by D. H. Lawrence
Number of pages: 204
Lawrence's 1921 novel of protagonist Aaron Sisson also depicts the decline of civilization following World War I. The original manuscript was heavily edited to meet the morals of the time, but this edition restores the text to its pristine condition.
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by D. H. Lawrence - Duckworth Overlook
The Trespasser is the second novel written by D. H. Lawrence. It drew upon the experiences of a friend of Lawrence, Helen Corke, and her adulterous relationship with a married man. Lawrence worked from Corke's diary, with Helen's permission.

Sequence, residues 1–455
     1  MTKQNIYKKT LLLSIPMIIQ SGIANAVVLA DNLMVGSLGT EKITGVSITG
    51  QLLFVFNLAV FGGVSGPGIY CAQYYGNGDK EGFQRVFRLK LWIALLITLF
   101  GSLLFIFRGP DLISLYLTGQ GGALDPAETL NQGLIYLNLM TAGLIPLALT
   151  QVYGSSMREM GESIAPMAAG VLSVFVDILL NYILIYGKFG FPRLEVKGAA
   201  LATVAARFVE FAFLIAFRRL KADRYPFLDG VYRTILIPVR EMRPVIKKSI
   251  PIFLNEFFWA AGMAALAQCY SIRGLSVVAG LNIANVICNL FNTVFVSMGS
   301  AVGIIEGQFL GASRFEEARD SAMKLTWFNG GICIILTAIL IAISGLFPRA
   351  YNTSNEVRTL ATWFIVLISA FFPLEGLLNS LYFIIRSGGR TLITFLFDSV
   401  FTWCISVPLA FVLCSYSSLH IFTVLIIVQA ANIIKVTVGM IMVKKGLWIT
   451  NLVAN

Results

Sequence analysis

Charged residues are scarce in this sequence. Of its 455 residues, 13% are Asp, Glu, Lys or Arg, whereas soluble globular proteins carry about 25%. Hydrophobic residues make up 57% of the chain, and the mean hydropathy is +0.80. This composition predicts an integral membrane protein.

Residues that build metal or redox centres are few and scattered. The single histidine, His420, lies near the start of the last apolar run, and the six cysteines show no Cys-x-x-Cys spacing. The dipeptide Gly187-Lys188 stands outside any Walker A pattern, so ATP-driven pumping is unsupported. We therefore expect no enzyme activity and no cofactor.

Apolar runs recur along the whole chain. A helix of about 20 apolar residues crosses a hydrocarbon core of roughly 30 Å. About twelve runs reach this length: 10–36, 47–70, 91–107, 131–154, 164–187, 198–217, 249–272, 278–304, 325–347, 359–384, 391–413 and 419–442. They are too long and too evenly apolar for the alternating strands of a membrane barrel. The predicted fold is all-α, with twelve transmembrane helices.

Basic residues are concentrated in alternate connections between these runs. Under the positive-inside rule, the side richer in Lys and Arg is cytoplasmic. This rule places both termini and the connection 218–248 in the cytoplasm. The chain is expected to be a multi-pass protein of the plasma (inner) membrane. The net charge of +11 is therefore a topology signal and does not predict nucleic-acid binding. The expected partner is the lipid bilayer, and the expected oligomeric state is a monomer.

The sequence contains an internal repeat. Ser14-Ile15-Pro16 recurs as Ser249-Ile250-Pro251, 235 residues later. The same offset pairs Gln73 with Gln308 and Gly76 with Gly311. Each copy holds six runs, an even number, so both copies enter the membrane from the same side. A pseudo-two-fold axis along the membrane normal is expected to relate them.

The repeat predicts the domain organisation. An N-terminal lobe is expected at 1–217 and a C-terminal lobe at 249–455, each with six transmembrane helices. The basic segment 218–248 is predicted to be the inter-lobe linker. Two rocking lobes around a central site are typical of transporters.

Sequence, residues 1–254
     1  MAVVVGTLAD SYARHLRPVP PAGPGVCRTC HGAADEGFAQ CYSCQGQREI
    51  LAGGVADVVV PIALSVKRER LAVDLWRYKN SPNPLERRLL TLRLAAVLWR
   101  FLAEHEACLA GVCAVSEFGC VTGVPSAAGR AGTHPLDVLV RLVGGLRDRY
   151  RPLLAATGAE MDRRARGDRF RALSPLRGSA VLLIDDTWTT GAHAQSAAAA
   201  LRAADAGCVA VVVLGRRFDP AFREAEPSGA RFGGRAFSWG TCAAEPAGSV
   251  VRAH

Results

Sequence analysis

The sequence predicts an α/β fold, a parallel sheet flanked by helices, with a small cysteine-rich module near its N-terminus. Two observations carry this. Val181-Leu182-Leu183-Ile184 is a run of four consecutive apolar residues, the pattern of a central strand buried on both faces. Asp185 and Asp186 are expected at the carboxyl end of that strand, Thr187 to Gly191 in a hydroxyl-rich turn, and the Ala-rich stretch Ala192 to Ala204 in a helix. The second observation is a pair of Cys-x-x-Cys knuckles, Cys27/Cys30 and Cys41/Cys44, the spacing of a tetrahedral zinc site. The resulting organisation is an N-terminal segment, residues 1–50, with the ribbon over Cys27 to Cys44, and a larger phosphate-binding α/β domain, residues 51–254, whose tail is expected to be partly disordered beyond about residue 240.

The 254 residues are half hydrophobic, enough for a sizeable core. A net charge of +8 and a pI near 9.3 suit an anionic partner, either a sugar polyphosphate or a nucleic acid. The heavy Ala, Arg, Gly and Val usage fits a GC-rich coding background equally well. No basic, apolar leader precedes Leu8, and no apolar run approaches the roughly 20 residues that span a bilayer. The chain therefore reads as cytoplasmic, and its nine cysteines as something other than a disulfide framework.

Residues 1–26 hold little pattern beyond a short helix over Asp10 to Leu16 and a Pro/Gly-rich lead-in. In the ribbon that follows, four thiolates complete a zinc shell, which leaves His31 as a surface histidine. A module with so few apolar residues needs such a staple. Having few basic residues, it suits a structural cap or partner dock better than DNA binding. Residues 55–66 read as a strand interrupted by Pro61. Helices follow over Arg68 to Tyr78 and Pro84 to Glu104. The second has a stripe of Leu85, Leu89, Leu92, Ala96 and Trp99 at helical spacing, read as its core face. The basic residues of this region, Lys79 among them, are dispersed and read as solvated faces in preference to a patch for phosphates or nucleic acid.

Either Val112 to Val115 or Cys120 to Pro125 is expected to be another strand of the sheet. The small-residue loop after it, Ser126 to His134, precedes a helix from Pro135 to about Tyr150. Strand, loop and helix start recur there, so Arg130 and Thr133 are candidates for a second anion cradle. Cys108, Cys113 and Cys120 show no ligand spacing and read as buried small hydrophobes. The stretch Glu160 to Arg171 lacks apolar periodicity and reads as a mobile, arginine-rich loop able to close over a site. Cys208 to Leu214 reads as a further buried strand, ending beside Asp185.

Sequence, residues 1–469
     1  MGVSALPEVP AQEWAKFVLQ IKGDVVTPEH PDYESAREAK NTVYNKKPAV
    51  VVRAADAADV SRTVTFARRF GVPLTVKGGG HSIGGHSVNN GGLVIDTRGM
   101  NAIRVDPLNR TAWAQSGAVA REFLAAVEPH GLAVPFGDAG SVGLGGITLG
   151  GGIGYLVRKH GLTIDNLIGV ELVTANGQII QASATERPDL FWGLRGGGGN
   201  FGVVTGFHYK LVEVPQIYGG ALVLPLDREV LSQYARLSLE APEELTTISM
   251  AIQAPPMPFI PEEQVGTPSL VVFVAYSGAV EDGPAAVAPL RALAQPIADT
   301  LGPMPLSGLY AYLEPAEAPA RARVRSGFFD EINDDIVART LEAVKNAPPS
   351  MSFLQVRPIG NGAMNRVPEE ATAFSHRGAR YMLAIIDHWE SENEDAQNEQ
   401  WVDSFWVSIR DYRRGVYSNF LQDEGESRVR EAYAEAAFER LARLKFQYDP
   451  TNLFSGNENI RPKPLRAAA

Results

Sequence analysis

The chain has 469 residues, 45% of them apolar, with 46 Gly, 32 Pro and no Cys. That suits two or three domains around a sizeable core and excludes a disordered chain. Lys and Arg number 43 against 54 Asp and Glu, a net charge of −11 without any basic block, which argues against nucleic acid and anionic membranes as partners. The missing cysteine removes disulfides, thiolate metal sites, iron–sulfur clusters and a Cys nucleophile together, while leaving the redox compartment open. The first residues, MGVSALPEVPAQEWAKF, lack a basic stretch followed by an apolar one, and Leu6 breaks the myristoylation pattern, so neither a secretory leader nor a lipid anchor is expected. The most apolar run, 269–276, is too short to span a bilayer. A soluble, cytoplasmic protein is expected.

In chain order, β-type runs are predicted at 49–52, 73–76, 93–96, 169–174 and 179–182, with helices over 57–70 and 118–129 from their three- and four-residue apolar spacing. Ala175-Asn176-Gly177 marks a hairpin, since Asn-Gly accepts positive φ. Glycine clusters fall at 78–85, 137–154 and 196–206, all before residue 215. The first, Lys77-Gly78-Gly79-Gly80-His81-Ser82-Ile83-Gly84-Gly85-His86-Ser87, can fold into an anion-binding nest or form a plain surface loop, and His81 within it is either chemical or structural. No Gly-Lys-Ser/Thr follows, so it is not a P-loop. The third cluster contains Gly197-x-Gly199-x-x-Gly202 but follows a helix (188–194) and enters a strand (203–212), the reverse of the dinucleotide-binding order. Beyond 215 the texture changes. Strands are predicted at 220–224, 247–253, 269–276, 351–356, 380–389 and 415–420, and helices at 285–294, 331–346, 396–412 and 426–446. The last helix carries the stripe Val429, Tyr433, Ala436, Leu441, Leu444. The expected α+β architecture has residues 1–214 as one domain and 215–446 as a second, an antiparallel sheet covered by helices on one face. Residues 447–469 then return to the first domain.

by D. H. Lawrence - Thomas Seltzer
The novel examines the ill effects of industrialization on the human psyche, resolving that individual and collective rebirth is possible only through human intensity and passion. Lawrence compels us to admit that we live less finely than we should.
by D. H. Lawrence - The Viking Press
The story is set in the coalfields of the author's youth, it follows a boy's growth into manhood in a working-class family. Paul Morel is a young artist torn between desire for two young beauties and affection for his mother.
by D. H. Lawrence - eBooks@Adelaide
Perhaps the most famous of Lawrence's novels, the 1928 Lady Chatterley's Lover is no longer distinguished for the once-shockingly explicit treatment of its subject matter -- the adulterous affair of a sexually unfulfilled upper-class married woman.